It’s a frosty winter morning. Snow and ice cover your school grounds. Are you to blame if somebody slips and falls? When it comes to clearing car parks, paths, playgrounds, roadways and boundaries, many school leaders and facilities managers are unsure of their specific responsibilities.
You have a duty of care to anyone on your premises to provide an environment free from slip risks, even during snowfall or icy conditions. The Workplace (Health Safety and Welfare) Regulations explains: ‘So far as is reasonably practicable, every floor in a workplace and the surface of every traffic route in a workplace shall be kept free from obstructions and from any article or substance which may cause a person to slip, trip or fall.’ It goes on to specify: ‘…arrangements should be made to minimise risks from snow or ice which may involve gritting, snow clearing and closure of some routes, particularly outside stairs, ladders and walkways on roofs.’
Slips and trips are the most common cause of major injuries at work. They account for over one-third of all significant events reported to the Health and Safety Executive (HSE) and half of on-site accidents for non-employees. Overall, slips and trips cost employers £512 million per year in lost time and other expenses, according to the HSE.
A seasonal assessment of your school grounds will help ensure they’re winter-ready.
Maintain your main routes
In freezing weather, your first priority is to clear ice and snow and apply salt or grit to the main access routes to and around the site. You’ll also need to use discretion in determining other essential locations, such as escape routes, pedestrian walkways, on-site roads, delivery zones and other areas people may need to visit.
Walkways should be sufficiently gritted or cleared of snow and ice to allow safe passage for pedestrians. Vehicle routes should also be in a hazard-free condition for cars, coaches and delivery vans. To remove risks altogether, consider restricting access to any spaces that cannot be treated.
Choose the right time
Think about the best time to clear your routes. An early warning of snow or icy conditions may allow for priority areas to be salted or gritted in advance – for example, during the previous evening or afternoon.
Keep interior floors dry
Wintery conditions may also result in water being tracked into buildings, so ensure floors are cleaned and dried or entrance mats used to control the risk of slipping.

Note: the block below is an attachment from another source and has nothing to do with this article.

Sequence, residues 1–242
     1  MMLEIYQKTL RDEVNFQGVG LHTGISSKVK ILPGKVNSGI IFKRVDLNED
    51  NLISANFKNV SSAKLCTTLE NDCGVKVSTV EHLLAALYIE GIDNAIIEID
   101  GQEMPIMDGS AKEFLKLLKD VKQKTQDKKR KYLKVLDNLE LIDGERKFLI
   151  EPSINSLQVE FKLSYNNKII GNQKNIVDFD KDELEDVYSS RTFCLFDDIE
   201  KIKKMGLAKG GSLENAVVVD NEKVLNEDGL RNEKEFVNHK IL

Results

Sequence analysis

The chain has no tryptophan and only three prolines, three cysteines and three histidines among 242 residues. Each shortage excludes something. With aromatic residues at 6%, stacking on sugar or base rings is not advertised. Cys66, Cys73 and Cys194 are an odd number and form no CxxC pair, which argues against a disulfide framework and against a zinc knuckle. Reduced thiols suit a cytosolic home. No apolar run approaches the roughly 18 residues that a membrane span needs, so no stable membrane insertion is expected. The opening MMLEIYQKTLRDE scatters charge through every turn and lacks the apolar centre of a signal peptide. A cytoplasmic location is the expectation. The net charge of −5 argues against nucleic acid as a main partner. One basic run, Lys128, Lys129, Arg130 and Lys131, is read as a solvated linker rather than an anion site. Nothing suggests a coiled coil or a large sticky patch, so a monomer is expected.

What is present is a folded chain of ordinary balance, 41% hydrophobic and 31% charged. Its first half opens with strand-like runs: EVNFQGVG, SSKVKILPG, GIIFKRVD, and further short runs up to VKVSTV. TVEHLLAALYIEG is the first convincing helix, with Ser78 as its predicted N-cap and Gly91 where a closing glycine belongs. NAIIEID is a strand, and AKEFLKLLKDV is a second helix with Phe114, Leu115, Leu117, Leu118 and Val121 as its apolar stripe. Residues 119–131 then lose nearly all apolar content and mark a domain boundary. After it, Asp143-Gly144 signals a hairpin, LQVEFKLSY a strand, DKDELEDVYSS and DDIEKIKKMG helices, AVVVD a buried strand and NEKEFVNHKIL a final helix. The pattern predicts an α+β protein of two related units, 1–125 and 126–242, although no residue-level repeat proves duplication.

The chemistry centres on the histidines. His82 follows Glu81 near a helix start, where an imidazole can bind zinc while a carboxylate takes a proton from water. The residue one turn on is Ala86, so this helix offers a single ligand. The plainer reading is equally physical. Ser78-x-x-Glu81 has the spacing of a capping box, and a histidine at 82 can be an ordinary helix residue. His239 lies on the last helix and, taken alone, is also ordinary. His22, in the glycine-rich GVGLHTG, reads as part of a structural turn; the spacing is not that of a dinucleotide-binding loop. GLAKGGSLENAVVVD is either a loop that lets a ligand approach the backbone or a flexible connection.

If required, keep snow clearing supplies and equipment on site. Ensure that your school’s maintenance team or caretaker has received suitable training, and conduct regular inspections of external areas.
Does your duty of care extend to areas beyond property boundaries?
Simply put, there is nothing in law specifically requiring you to take any action beyond the boundary of your property.
The press, however, has published conflicting advice on the subject in previous years. The Technical Director of the Institution of Occupational Safety and Health (IOSH), the leading body for health and safety professionals, released the following statement:
‘Deciding whether to grit beyond the boundaries of their property needs to be carefully considered by companies. If access to the premises is covered in ice, companies may choose to grit the access to help their staff and visitors arrive and leave safely, even though it’s not their property. However, in this instance, if they failed to grit the surface properly and someone had an accident as a result, then they could incur some liability.
‘As a general rule, though, it’s sensible for firms to consider the risks and take reasonable steps to prevent accidents from happening. If this means gritting outside the boundaries of your workplace, then it’s better to do that than to have people slipping over or involved in car crashes on your doorstep.’
In other words, IOSH encourages employers to be good neighbours by gritting beyond property boundaries and making sure the task is carried out thoroughly. As there is no legal requirement, however, this important decision rests with you.